One of the most difficult and intimidating tasks for any trader or investor is to try and determine when a particular stock has bottomed, or reaches a point where it no longer decreases significantly. Everyone wants to buy low and sell high, but if you consider that a stock's price can be influenced by macroeconomic, political and economic events, stating with any certainty that a given stock has bottomed is a daunting task. Also, your stock is just one of the thousands of stocks that trade daily in markets worldwide. Knowing when a stock has bottomed can unlock huge profits and can also prevent big losses. So, how can one know with some confidence that a stock has reached a low point? No one can call stock bottoms with absolute certainty consistently, but there are some common fundamental and technical trends that appear in stocks that are about to hit bottom.
1. Sector Characteristics
The stocks you own in your portfolios belong to sectors. Sectors are simply groups of public companies and stocks in a related industry. Oil and gas, technology, financial and retail are some sectors that may be familiar to investors. Typically, stocks follow in lock step to both the overall stock market and their respective sector. Identifying which sector(s) your stocks belong to is a good first step in determining if your stock is near bottom or a point of less intense declines.
Most of us are familiar with the credit market meltdown in 2008, which decimated financial stocks and even drove financial icons out of business. Most financial stocks traded downward together for an extended period of time. Investors who looked to find "value" in certain financial stocks were crushed, as the entire financial sector experienced a historical decline. The lesson learned is to identify and understand what sector your stock belongs to and compare its performance against the entire market.
2. Price and Volume
Once you identify your stock's sector, some other clues can give you some confidence your stock is nearing bottom. Many technicians think stock price and volume are the two most important indications of where a stock is going. Stocks tend to bottom when there are few sellers of that particular stock. It sounds ridiculously simple, but think about it: if few sellers exist, more buyers remain and buyers are more willing to pay a higher price for the stock; this means a price bottom has formed. (For related reading, see: Use Market Volume Data to Determine a Bottom.)
Volume adds credibility to stock prices and price direction, to an extent. Remember, stocks trade on supply and demand, just like all other goods in a free market. There is just a lot more things that influence stock prices than say a gallon of milk. The higher the relative volume once the stock has finished going down, the more likely the stock will not see lower prices anytime soon. So, if stock XYZ's average daily trading volume was 5 million shares a day as it declined 50%, but during the last three trading days it has averaged over 15 million shares daily AND the price of the stock has appreciated, it is likely the stock has reached an inflection point and is done going down significantly. Remember, fewer sellers exist at lower prices as most people were looking to "sell high." If only buyers remain, stock prices will rise. (Learn more about analyzing volume in: Volume Oscillator Confirms Price Movements.)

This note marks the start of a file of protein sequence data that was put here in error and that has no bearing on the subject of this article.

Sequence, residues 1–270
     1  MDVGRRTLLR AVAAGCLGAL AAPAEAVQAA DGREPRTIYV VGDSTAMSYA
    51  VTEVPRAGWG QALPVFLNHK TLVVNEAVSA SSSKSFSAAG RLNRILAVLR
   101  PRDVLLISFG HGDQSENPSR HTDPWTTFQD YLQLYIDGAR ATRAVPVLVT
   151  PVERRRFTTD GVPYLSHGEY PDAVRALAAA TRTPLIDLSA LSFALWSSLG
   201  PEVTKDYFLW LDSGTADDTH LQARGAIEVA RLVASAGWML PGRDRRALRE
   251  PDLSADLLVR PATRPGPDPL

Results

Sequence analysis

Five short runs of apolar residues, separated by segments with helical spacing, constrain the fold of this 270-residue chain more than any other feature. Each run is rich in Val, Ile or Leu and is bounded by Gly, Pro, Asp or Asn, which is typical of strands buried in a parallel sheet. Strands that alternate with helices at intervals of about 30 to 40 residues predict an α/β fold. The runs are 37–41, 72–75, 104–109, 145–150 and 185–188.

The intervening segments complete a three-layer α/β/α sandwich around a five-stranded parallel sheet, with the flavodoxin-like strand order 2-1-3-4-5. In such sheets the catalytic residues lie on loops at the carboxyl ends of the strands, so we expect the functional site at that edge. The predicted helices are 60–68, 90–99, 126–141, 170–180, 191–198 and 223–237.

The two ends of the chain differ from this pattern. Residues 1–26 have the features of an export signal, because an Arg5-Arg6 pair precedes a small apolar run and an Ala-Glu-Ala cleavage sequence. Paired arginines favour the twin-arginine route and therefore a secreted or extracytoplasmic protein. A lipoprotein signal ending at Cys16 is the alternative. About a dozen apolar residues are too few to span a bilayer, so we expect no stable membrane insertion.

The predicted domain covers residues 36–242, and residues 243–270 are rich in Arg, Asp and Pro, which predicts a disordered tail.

3. Keep Your Ear to the Street
Perhaps an overlooked tell of when a stock is bottoming is its perception on The Street. Unfortunately, many average investors hear sound bytes on the business news and take it as gospel. Ironically, there is an entire school of investment in which the main strategy is to go against the conventional wisdom. These investors are aptly called contrarians. Contrarians tend to bet against what the "smart" money is doing. Many times going against the grain can be highly profitable and can also be helpful in determining if your stock has bottomed.
The oil and gas sector went through a significant bear market in sympathy with the great recession that began in 2007. Oil prices went down over 50% and stocks in the oil and gas groups were hemorrhaging. Business news hyped up the decline and pundits were talking about the demise of oil and the use of natural gas substitutes and solar energy. No one wanted to touch an oil stock with a 10-foot pole. Investors who went against the grain and snapped up blue chip oil stocks saw a handsome profit. It pays to see all sides of a stock story.
Going against the grain is a strategy that many feel works well particularly at market tops and bottoms. As an investor, it is at least worth your time to listen to what everyone is saying and wonder: Can they all really be right? (For more information on contrarian investing, see: Buy When There's Blood in the Street.)
Ideally, investors want to know when price trends are about to make a major change in either direction, whether they're reaching tops or bottoms. The bottom line is no one truly knows with certainty. Clues, such as a big volume spike on price changes, and paying attention to your stock's sector, will give you some insight into whether your stock has reached a point where it will no longer decline significantly. Keep in mind these are just pieces in the puzzle of investing, but if you can add this skill set to your investment knowledge, you will likely be more successful investor.
(For related reading, see: Spotting A Market Bottom.)